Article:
Latvia's financial sector under scrutiny

Latvians are watching a financial crime scandal unfold in their own country. Not only has the head of the country's central bank been suspended from his post amidst allegations of corruption, Latvia's third-largest bank ABLV is also suspected of money laundering. Are these just two symptoms of a bigger crisis?

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Ria Nowosti (RU) /

The end of the dream of a Baltic Switzerland

Latvia became successful as a hub for shady deals - which is why the US and EU are taking action against it now, Ria Novosti comments:

“Our Latvian neighbours wanted to create a 'Baltic Switzerland'. ... But then it turned out that this option is not available for an American colony. ... Latvian banks have long had a reputation for 'resolving issues' quickly when it comes to 'grey' or 'black' transactions connected to money stemming from unknown or criminal sources or corruption. After ABLV's public - and highly successful - whipping this reputation has acquired a new element : yes, Latvia has a very customer-friendly and comparatively loyal banking system, but Latvian banks can be liquidated at any time and then customers will never see their money again.”

Äripäev (EE) /

A dark shadow over the Baltic states

The Latvian banking crisis casts a shadow over the entire Baltic region, laments the Estonian newspaper Äripäev:

“When [media group] Bloomberg asked in one of its titles on Monday afternoon why the transactions of a Baltic bank were being frozen because of its ties to North Korea, the damage to our banking system had already been done. ... We can't get along without Latvia. Whether we like it or not: corruption in our southern neighbour's state apparatus and bank scandals hurt us too. A Baltic bank's activities are frozen and all Estonia's banks are hit by frost too. ... Is it possible to market the Estonian or any of the other Baltic states' financial sectors on their own when everyone else sees us as part of the Baltic? Unfortunately not.”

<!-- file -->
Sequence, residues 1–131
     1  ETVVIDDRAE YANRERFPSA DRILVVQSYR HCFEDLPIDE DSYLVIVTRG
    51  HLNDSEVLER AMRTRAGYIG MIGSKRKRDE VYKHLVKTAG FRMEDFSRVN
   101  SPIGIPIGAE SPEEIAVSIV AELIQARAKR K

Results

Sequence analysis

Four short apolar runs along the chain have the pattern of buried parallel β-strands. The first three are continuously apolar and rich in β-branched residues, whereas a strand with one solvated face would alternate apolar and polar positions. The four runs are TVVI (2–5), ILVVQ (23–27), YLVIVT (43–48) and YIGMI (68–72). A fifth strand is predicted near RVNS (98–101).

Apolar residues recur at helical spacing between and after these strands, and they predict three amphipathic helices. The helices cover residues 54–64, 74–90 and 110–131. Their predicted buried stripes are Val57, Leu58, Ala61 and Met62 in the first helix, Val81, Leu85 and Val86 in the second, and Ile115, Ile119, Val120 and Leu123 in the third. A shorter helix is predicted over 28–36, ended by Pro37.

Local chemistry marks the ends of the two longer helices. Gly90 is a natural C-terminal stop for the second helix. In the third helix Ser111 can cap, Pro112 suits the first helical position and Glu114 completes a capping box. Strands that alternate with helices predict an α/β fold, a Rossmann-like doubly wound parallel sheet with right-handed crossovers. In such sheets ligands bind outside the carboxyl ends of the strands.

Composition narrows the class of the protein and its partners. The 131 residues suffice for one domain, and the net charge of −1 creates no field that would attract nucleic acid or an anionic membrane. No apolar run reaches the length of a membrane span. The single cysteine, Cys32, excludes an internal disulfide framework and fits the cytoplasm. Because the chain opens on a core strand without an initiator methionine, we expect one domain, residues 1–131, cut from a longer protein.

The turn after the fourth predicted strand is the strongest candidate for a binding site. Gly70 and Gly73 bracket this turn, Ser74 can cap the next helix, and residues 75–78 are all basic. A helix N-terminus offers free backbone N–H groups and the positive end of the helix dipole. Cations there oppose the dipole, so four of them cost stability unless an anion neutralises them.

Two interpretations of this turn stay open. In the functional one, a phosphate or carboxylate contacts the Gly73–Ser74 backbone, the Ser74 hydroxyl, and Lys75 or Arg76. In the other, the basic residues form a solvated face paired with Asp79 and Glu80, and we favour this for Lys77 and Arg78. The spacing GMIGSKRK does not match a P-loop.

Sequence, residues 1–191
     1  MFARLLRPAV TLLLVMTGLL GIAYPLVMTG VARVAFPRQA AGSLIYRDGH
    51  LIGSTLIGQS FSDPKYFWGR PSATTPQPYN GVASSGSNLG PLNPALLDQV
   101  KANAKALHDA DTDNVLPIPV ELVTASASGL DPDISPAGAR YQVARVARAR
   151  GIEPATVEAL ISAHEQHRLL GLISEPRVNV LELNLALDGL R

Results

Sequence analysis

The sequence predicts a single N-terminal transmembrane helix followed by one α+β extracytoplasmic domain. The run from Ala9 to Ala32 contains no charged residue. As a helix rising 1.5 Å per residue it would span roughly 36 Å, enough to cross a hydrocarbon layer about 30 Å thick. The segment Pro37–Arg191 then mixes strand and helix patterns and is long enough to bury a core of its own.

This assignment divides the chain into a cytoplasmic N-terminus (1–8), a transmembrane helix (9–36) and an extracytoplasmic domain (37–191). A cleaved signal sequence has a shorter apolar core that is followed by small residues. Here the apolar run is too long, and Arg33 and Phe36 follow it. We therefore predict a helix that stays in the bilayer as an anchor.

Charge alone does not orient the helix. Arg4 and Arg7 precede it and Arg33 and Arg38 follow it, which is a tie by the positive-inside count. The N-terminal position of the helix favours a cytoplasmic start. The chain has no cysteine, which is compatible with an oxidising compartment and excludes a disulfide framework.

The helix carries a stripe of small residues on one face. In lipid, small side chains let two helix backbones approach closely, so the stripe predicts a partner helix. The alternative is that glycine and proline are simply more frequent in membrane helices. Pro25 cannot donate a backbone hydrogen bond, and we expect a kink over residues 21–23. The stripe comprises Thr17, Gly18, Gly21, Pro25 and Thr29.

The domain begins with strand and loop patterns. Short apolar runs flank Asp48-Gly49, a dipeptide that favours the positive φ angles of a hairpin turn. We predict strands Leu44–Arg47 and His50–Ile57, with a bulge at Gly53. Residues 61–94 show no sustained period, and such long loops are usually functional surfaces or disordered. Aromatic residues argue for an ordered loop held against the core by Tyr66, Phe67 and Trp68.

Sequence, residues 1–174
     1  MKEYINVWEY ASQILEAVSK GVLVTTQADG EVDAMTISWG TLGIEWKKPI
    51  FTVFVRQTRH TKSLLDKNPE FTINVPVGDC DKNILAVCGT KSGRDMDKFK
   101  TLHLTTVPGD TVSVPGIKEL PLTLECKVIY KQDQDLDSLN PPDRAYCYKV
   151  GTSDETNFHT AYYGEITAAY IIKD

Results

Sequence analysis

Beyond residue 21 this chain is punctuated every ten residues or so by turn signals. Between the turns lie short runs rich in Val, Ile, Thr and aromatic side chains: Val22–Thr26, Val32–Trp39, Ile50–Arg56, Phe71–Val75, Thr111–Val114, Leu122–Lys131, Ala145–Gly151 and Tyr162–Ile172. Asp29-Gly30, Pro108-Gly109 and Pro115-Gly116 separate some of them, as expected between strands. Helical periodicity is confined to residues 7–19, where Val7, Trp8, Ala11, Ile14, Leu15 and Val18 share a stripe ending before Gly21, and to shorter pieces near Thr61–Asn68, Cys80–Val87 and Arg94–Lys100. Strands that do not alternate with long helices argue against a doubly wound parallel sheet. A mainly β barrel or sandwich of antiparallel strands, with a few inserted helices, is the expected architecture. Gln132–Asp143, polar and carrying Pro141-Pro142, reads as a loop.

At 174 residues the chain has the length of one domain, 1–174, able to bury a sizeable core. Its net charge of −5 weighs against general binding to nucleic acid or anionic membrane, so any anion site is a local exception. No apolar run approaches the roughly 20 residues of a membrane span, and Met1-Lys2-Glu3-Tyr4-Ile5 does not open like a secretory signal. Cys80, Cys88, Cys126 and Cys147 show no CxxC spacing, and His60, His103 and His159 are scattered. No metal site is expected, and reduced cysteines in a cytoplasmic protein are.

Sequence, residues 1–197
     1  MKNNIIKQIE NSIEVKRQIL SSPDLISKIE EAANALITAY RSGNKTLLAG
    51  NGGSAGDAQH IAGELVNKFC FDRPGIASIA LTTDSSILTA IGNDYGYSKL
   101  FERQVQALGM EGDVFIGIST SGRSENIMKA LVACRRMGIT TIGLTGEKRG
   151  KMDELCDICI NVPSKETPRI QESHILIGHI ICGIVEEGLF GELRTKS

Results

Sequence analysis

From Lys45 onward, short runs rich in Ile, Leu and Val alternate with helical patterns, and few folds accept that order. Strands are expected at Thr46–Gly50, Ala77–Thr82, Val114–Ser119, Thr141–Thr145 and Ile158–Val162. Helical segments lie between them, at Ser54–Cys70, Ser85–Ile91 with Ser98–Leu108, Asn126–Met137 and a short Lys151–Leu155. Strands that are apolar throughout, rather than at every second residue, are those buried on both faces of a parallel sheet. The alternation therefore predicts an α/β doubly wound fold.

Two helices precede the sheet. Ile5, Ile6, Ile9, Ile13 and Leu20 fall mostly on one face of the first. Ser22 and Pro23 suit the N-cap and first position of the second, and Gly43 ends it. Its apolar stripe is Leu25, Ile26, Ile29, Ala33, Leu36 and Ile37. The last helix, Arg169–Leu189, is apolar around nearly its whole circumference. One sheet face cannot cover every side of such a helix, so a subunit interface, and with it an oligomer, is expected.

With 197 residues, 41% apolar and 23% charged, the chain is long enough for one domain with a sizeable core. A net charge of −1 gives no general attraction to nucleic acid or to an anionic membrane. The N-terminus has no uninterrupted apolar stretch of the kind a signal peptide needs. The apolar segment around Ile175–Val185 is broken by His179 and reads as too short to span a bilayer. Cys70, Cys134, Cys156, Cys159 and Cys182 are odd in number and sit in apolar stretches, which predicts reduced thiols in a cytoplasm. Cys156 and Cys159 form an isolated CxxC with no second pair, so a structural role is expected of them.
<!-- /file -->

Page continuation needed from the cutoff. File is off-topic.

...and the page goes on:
Neatkarīgā (LV) /

The end of a conceited bank boss

Now the true face of the Central Bank's governor has come to light, Neatkarīgā notes:

“The Rimšēvičs affair illustrates how wrong public opinion can be. In the public's eyes the Central Bank boss was a guarantee for the country's financial stability. He was re-elected to his post practically without any discussion: the politicians in parliament didn't want to damage their reputations by opposing this popular figure. Despite the fact that the press has viewed Rimšēvičs with scepticism for years. It was pointed out that he had been too passive during various crises. ... Now, finally, the bank boss's PR bubble has burst. But this is hardly gratifying. Latvia's image has been damaged. We can only hope that this affair will teach us a lesson when it comes to assessing other conceited official figures in the future.”

Neue Zürcher Zeitung (CH) /

Dubious financial sector

Latvia's political leadership lacks the will to fight the corruption in the financial world, the Neue Zürcher Zeitung complains:

“The banking sector of this Baltic state has suffered from a dubious reputation for years. Two years ago Latvia only narrowly escaped the embarrassment of not being allowed to join the OECD because of shady banking transactions. The much hyped improvement doesn't seem to have materialised. ... Latvian politics is still dominated by old power structures and grey eminences today. An investigation into the activities of a handful of notorious oligarchs carried out in recent months uncovered evidence of the state being hijacked by particular interests. But it came to nothing. Or at least no charges were brought against anyone.”

Financial Times (GB) /

EU must not remain a toothless tiger

The financial crisis in Latvia shows how little scope for intervention Brussels has, the Financial Times criticises:

“The weakness of the EU enforcement regime is highlighted by the fact that it is the US, not the EU, that is taking action against ABLV. … The lack of central accountability for bad conduct in member state banking systems leaves the system as a whole at risk. A clear system through which the EU can act to impeach central bankers and enforce minimum conduct standards is needed before the dirty money infection grows worse.”